The heart of the Bitcoin network is a shared, public record of Bitcoin transactions known as the blockchain. Every Bitcoin transaction that has ever occurred is listed in the blockchain, and every node (i.e. computer) in the Bitcoin network has its own copy. The blockchain is organized as a list of blocks, each of which contains transactions that occurred during a particular period of time.
When a Bitcoin user wants to make a transaction, she announces the transaction — the sender, recipient, amount, and other information — to the network. Nodes share these announcements in peer-to-peer fashion so that everyone soon knows about them.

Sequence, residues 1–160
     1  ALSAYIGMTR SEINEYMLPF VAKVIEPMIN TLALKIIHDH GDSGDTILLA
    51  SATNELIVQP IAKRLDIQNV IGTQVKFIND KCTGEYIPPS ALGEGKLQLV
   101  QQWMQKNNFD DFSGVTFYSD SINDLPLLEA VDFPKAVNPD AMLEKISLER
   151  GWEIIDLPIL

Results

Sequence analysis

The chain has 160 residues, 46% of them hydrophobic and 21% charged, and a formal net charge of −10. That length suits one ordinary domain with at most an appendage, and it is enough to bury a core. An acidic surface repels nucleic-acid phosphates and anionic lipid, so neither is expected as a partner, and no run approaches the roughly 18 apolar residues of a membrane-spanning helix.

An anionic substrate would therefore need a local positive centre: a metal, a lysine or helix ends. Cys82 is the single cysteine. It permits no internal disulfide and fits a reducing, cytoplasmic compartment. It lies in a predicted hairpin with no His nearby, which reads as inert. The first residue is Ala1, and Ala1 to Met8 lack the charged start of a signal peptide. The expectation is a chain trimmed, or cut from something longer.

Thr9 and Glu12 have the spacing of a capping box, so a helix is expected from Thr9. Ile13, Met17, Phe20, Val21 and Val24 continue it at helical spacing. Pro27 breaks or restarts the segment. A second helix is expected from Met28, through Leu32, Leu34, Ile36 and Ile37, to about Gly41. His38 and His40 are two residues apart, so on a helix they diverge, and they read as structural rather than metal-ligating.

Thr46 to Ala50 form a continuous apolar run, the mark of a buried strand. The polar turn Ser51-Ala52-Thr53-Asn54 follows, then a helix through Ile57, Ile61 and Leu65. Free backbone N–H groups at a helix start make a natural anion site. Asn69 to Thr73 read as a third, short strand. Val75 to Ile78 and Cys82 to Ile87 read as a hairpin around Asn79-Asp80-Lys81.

Nodes check that each transaction complies with the rules of the Bitcoin system, combine all the valid transactions they have heard about into a block, and then work to solve a difficult mathematical problem that takes this block as an input. The first node to solve the problem announces the solution to the others. The other nodes verify that the problem was solved correctly. If it was, then they put the block at the end of their copy of the blockchain. Once most nodes have done this, the block is considered to be an official part of the blockchain, and transactions in that block are considered final.